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Physical Activity and Cognitive Development in Early Childhood

Key Message

This systematic review provides preliminary evidence that physical activity may have beneficial effects on cognitive development during early childhood.

Source

Carson, Valerie et al. (2015). Systematic review of physical activity and cognitive development in early childhood. Journal of Science and Medicine in Sport. In press. Available online 10 July 2015. doi:10.1016/j.jsams.2015.07.011

Purpose

To comprehensively review all observational and experimental studies examining the relationship between physical activity and cognitive development during early childhood (birth to 5 years).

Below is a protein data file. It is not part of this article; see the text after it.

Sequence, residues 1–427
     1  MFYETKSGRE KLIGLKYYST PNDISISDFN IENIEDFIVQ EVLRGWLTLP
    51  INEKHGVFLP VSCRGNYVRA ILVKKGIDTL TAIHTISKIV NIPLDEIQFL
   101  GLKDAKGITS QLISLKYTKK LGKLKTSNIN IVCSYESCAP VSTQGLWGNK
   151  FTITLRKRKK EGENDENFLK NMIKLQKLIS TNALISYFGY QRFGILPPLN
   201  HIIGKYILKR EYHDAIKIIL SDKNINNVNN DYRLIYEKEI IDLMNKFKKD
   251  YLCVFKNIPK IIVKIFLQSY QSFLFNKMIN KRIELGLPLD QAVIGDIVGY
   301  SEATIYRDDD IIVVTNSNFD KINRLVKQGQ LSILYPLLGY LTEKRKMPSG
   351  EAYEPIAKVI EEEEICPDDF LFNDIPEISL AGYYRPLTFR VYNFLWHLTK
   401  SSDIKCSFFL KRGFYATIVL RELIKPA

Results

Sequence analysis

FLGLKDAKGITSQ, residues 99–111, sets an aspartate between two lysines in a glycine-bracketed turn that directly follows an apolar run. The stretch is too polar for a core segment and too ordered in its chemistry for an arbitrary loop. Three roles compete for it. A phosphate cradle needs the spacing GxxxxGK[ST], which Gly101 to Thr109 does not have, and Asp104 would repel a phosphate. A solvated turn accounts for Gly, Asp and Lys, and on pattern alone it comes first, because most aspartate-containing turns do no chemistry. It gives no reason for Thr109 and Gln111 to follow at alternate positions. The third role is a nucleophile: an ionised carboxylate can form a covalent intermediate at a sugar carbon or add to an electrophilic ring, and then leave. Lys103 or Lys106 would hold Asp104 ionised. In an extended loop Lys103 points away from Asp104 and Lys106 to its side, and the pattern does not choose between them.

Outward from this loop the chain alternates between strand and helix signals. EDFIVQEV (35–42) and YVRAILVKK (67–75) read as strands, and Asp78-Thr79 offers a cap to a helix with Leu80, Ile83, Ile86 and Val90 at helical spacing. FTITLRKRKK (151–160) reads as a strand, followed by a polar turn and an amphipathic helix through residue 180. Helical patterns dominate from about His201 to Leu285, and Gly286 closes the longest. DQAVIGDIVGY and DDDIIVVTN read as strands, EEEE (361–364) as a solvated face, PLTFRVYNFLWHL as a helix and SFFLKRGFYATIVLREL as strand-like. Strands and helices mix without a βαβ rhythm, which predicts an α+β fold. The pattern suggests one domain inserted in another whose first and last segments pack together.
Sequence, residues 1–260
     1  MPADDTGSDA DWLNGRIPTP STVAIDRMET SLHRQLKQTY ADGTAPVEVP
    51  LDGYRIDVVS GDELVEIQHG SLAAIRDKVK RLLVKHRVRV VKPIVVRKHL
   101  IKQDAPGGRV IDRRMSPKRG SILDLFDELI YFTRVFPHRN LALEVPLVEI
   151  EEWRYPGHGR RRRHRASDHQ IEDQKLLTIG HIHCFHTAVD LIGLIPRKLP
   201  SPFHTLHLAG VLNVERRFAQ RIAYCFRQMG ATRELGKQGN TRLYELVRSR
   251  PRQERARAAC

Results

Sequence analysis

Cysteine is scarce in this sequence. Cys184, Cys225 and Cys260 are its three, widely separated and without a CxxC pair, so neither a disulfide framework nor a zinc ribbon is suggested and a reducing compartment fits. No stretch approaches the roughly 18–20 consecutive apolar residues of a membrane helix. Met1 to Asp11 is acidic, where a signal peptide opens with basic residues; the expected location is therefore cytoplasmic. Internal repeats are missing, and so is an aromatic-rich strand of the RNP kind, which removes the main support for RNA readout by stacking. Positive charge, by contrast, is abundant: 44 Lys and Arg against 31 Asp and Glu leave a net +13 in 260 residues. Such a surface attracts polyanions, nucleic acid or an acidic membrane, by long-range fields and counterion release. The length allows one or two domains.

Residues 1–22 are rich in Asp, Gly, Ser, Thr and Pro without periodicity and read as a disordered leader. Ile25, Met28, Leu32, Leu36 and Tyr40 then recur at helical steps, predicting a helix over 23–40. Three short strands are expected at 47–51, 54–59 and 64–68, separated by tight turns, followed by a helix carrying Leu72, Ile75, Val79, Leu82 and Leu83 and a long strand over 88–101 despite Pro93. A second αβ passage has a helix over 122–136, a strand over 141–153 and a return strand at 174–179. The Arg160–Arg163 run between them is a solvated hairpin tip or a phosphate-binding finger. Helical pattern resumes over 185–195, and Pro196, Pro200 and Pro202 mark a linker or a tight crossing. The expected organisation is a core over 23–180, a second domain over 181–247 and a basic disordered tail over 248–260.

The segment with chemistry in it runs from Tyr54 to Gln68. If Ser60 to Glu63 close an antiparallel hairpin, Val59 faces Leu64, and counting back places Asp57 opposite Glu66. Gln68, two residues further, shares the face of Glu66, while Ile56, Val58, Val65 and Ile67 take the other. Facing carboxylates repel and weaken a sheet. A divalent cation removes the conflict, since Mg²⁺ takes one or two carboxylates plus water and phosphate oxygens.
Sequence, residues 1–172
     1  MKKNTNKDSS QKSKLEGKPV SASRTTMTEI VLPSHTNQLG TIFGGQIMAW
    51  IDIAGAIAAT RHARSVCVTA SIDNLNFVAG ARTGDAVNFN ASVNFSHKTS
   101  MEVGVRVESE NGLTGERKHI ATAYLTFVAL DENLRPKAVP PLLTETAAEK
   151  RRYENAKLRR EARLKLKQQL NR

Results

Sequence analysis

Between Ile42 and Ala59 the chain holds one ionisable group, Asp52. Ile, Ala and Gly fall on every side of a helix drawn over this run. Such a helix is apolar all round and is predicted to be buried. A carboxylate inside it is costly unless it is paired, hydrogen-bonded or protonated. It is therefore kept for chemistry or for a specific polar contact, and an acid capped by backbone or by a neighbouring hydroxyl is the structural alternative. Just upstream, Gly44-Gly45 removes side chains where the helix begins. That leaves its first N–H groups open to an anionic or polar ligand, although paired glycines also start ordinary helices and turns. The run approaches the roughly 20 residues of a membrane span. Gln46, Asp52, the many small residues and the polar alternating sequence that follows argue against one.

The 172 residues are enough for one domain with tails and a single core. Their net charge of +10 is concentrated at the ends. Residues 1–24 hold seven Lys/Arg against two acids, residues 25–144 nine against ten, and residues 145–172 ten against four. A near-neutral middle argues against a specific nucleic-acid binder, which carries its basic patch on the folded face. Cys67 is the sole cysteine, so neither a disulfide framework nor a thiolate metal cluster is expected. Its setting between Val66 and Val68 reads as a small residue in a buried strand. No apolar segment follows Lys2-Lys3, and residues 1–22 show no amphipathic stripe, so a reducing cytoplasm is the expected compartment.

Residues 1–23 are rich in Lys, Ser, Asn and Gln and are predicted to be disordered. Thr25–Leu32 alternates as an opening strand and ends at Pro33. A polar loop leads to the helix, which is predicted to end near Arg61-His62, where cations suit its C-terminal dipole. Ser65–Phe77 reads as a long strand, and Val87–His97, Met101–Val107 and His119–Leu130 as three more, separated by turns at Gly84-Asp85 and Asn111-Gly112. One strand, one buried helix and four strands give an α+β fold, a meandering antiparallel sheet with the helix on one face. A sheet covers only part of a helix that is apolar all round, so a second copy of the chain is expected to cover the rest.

Evidence

Electronic databases were searched in July, 2014. No study design, date, or language limits were imposed on the search. Included studies had to be published, peer reviewed articles that satisfied the a priori determined population (apparently healthy children aged birth to 5 years), intervention (duration, intensity, frequency, or patterns of physical activity), comparator (various durations, intensity, or patterns of physical activity), and outcome (cognitive development) study criteria. Study quality and risk of bias were assessed in December 2014.

A total of seven studies, representing 414 participants from five different countries met the inclusion criteria, including two observational and five experimental studies. Six studies found increased or higher duration/frequency of physical activity had statistically significant (p < 0.05) beneficial effects on at least one cognitive development outcome, including 67% of the outcomes assessed in the executive function domain and 60% in the language domain.

Benefit Statements / Outcomes

Leadership Provided By:

  • Leisure Information Network (LIN)
  • Alberta Recreation and Parks Association

On Behalf Of:

  • Canadian Parks and Recreation Association (CPRAA)

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